United States v. Green, No. 17-1576 (3d Cir. 2018)

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Justia Opinion Summary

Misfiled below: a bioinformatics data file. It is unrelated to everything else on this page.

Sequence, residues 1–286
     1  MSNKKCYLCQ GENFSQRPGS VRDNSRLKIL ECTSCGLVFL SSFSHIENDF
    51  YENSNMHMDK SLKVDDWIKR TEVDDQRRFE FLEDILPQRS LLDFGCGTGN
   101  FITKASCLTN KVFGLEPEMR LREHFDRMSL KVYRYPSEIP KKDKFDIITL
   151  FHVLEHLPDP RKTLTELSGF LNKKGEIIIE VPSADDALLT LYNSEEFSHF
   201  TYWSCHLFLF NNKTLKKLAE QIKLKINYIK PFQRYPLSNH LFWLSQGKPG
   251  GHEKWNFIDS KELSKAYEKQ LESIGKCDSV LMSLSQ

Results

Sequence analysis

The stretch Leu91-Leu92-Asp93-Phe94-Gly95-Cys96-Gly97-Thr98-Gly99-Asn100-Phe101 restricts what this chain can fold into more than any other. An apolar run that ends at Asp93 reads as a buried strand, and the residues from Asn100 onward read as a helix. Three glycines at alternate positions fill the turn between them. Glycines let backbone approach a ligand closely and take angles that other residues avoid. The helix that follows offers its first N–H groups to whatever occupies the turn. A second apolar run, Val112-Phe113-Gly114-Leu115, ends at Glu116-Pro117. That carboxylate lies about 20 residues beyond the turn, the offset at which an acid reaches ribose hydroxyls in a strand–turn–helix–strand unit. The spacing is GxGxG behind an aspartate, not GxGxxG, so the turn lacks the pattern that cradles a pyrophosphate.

Pennsylvania State Trooper Volk, a drug interdiction officer on the Pennsylvania Turnpike, stopped Green, who had multiple prior arrests for drug and weapon offenses. Green allowed Volk to search his vehicle. Volk did not discover any contraband but detected the smell of raw marijuana in the trunk. The following day, Volk noticed Green’s vehicle heading the opposite direction, followed, and ascertained his speed by “pacing” Green’s vehicle. Volk determined that Green was traveling 79 miles per hour and pulled him over. Volk struck up a lengthy conversation with Green. Volk indicated that Green was free to leave but again asked to search Green’s vehicle. Green declined, explaining that he was in a hurry. Volk instructed Green to wait in his car until further notice. After approximately 15 minutes, a canine unit arrived and alerted for drugs in the trunk. Volk obtained a search warrant a few hours later. A search of Green’s trunk revealed roughly 1,000 bricks of heroin weighing nearly 20 pounds. Green pled guilty to possession with intent to distribute one kilogram or more of heroin and was sentenced to 120 months of imprisonment. The Third Circuit affirmed. Volk had a reasonable suspicion that Green was speeding, so the stop was justified. Given Green’s statements about his travel, the smell of marijuana in his trunk, and his criminal history, Volk had a “particularized and objective” basis for suspecting that Green was engaged in criminal activity.